I'm learning about CPS with Racket, and I've managed to write up these functions:
;lift a regular single-arg function into CPS (define (lift/k f) (lambda (x k) (k (f x)))) ;compose two CPS functions (define (compose/k f g) (lambda (x k) (g x (lambda (y) (f y k)))))
They seem to work correctly
(define (is-two/k x k) (k (= x 2))) (define is-not-two/k (compose/k (lift/k not) is-two/k)) (is-not-two/k 3 display) (is-not-two/k 2 display) #t#f
I'm wondering if these functions are still "true CPS". Have I messed up "true" continuation-passing with these functions? Is it kosher to use function composition techniques in CPS? Is it encouraged? Or would it be considered a "compromise" to do this? Is there a more CPS-y way to do it?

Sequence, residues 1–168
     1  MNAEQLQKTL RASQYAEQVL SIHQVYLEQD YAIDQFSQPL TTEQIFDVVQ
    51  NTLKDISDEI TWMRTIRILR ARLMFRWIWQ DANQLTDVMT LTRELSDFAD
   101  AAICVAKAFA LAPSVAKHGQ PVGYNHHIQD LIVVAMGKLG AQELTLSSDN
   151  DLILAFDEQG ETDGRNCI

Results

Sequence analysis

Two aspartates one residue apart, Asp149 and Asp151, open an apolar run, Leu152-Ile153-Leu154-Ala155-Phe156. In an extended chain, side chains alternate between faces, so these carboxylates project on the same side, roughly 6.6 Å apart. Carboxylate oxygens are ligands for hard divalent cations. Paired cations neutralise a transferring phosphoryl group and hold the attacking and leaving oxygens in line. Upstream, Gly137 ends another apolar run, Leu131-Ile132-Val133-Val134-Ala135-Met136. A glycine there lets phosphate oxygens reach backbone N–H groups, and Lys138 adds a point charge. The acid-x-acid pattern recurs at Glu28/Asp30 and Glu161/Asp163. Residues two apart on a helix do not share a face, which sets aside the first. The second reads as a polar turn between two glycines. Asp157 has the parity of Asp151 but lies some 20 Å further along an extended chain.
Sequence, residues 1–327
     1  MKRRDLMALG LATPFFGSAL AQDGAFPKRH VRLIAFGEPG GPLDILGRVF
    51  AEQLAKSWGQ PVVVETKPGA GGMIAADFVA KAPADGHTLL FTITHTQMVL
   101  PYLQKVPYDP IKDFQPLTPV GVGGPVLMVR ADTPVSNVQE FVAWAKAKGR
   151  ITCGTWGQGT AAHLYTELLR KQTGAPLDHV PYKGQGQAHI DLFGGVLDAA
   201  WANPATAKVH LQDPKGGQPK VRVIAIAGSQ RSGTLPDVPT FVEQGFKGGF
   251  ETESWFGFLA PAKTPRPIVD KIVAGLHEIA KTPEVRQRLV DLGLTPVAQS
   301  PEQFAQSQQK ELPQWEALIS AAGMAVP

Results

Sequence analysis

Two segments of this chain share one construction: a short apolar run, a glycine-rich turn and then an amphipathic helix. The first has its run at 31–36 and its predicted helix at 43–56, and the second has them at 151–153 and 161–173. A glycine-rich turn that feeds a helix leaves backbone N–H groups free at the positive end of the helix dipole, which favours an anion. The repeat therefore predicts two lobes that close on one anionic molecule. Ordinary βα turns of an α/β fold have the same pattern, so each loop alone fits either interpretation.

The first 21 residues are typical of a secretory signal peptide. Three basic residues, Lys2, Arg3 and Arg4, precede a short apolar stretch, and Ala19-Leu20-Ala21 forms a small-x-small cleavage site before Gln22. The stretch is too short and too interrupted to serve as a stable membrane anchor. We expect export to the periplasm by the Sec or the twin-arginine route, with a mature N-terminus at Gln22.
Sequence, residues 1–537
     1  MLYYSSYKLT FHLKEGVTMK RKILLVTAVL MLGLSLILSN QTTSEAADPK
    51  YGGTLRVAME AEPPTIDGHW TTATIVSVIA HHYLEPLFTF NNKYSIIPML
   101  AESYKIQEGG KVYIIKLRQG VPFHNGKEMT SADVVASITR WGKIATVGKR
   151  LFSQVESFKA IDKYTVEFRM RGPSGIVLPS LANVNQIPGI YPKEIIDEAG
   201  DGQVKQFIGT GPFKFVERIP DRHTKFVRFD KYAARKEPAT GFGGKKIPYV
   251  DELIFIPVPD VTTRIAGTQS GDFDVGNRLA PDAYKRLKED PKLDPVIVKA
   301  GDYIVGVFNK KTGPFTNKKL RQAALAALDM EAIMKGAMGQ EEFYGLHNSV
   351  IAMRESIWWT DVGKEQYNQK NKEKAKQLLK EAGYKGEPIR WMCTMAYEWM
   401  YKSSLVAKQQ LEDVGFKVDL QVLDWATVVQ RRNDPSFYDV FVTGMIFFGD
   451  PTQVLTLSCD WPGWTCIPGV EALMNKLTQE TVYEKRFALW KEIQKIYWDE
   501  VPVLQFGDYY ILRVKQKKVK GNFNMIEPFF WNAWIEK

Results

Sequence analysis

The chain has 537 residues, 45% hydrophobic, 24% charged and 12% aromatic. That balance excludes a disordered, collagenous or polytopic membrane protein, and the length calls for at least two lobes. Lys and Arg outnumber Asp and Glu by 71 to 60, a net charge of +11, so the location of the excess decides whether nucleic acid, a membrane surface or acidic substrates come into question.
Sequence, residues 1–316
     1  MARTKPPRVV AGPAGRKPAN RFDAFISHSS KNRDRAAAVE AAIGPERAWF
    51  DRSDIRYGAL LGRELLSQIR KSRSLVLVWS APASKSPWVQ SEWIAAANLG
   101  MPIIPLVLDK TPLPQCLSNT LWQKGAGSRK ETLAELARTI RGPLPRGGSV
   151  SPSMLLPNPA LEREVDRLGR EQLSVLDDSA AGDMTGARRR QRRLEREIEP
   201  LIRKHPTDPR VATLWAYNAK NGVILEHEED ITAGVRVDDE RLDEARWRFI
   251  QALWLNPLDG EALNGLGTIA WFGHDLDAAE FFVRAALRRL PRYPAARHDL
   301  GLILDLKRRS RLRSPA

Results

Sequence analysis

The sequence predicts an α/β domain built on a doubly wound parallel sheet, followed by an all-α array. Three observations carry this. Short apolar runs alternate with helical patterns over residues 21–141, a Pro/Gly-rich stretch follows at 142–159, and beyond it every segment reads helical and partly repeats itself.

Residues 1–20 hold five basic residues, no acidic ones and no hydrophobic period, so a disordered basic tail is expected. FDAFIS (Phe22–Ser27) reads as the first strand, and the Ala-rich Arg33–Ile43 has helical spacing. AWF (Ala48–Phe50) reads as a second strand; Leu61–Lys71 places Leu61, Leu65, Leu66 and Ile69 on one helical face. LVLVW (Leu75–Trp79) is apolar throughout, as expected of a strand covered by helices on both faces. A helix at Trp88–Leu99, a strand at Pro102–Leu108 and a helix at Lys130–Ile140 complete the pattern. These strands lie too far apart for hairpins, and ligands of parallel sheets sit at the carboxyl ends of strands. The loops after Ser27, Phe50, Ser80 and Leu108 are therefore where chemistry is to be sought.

Yes I know I just asked 5 questions, but the basic idea behind them all (which I'm not sure I understand correctly) is the same. Explanations in other Lisps, Haskell, Erlang, or other functional languages are fine.